There is now a considerable amount of advice available to schools on how to link history with literacy, but OFSTED still finds that the opportunities are not being sufficiently exploited. There is a danger that history will just become a practice ground for literacy, so it is essential to clarify how the objectives for both are better served because they are coming together.

The key, to my mind, is making sure that the history and literacy work mutually complement, rather than repeat. When teaching the Great Fire there will inevitably be much explanatory writing which needs to be examined within the context of literacy and history. There will be preparatory speaking and listening tasks, vocabulary extension, work on connectives and words to do with the passing of time.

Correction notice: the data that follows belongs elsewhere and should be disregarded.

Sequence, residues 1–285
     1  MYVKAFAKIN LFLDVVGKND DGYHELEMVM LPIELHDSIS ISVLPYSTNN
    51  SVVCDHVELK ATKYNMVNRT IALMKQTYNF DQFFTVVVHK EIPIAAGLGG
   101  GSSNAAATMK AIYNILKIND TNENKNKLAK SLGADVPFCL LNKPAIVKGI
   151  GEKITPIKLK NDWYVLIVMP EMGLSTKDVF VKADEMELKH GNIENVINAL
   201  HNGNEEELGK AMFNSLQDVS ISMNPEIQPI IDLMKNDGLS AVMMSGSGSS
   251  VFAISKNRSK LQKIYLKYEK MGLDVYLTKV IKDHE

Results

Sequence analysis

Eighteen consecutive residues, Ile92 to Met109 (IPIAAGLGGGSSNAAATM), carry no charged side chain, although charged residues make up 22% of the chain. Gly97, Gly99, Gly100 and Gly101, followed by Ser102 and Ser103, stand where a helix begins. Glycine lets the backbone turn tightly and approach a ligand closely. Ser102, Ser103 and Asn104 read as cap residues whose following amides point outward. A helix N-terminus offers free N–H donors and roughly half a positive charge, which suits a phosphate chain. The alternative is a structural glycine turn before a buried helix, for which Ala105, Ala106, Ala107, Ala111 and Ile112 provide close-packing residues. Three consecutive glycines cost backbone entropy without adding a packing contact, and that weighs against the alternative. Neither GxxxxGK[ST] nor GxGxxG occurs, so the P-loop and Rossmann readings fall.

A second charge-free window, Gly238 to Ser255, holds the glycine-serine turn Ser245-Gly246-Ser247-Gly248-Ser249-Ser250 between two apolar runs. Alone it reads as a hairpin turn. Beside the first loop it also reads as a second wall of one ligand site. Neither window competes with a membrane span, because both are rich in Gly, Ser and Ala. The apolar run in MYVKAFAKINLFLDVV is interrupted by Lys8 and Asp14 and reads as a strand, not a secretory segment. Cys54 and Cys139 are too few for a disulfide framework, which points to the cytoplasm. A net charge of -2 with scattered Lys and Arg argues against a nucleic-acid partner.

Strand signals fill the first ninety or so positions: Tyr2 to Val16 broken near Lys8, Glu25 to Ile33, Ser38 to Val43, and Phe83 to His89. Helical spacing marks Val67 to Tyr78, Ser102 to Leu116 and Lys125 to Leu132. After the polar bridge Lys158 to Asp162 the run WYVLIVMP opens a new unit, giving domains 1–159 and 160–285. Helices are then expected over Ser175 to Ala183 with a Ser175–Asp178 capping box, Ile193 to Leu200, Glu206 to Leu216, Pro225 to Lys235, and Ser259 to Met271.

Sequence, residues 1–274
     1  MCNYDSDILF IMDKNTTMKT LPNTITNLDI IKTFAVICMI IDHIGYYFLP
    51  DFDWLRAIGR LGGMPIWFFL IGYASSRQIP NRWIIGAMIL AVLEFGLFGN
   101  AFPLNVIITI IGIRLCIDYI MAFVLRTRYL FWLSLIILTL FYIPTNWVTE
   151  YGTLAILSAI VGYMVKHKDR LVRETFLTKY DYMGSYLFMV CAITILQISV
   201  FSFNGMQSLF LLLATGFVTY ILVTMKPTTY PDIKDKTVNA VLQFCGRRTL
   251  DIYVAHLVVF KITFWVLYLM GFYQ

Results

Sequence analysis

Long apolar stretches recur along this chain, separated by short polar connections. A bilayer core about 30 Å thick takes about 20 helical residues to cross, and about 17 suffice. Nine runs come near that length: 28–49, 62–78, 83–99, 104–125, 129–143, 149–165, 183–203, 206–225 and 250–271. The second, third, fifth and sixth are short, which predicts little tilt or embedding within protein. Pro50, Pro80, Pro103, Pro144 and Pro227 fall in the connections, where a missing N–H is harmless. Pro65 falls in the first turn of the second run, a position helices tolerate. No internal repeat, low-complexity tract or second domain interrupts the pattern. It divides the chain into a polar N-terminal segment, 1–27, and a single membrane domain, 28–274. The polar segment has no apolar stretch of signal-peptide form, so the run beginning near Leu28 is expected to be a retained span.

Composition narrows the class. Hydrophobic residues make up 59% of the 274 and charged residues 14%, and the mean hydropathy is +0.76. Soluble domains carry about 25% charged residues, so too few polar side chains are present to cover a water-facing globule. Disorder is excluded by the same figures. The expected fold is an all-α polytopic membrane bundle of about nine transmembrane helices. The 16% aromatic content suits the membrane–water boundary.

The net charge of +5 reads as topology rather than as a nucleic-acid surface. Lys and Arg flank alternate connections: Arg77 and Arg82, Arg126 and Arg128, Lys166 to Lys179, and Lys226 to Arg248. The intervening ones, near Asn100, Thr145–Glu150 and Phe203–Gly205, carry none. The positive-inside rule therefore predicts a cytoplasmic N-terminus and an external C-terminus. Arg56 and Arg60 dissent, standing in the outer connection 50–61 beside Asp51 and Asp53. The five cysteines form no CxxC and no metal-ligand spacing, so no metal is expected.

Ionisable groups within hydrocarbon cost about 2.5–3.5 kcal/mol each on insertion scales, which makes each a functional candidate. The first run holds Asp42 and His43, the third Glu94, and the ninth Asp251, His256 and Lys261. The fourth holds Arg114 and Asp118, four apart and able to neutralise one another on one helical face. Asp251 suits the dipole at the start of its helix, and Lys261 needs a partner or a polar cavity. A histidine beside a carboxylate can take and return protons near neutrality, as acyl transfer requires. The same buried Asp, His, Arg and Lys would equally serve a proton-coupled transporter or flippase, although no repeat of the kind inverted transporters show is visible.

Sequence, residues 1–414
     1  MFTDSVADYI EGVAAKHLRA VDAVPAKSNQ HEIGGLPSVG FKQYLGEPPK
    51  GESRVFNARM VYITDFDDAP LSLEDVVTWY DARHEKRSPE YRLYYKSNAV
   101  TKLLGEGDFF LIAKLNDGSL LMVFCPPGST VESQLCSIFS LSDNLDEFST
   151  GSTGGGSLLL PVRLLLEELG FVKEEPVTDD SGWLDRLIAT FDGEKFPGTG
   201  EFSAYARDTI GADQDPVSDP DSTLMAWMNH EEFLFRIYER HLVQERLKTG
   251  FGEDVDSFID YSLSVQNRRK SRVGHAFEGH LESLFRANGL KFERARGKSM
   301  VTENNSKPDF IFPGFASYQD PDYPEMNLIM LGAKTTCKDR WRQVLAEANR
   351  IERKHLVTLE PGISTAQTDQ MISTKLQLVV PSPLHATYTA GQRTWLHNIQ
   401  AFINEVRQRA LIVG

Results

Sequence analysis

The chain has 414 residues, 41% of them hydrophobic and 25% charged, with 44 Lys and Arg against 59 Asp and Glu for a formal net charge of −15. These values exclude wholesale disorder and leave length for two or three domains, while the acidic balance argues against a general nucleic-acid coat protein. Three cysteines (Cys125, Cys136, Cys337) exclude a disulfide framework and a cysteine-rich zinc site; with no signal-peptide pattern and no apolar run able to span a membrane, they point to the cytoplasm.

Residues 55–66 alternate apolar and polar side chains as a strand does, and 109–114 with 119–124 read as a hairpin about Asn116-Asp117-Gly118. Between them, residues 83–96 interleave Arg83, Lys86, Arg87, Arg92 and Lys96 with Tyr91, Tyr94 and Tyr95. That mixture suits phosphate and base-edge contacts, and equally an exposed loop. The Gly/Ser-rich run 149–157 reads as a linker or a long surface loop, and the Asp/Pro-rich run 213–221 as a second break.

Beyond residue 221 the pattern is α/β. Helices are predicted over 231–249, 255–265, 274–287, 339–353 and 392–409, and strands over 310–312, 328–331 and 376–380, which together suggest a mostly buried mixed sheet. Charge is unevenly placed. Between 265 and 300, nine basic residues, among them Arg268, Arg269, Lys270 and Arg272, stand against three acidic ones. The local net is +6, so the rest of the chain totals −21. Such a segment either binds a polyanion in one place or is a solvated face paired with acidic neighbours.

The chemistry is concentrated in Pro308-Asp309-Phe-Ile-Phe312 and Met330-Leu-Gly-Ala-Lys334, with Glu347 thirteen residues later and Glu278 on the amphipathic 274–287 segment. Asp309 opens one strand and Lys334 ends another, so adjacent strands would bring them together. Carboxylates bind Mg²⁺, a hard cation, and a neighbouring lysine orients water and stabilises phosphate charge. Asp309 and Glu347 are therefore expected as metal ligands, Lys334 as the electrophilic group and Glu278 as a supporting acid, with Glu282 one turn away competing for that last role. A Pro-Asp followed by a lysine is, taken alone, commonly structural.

Many schools are now planning work which shows the interrelationship of the subject on a weekly planner, examples of which will be on the site soon.

My central messages are to:

1. Plan for a restricted number of high-quality, and varied writing tasks in each topic. This could be labelling, captioning, or speech bubbles, as well as explanations and descriptions.

2.Try to make the tasks as motivating as possible, by adding a

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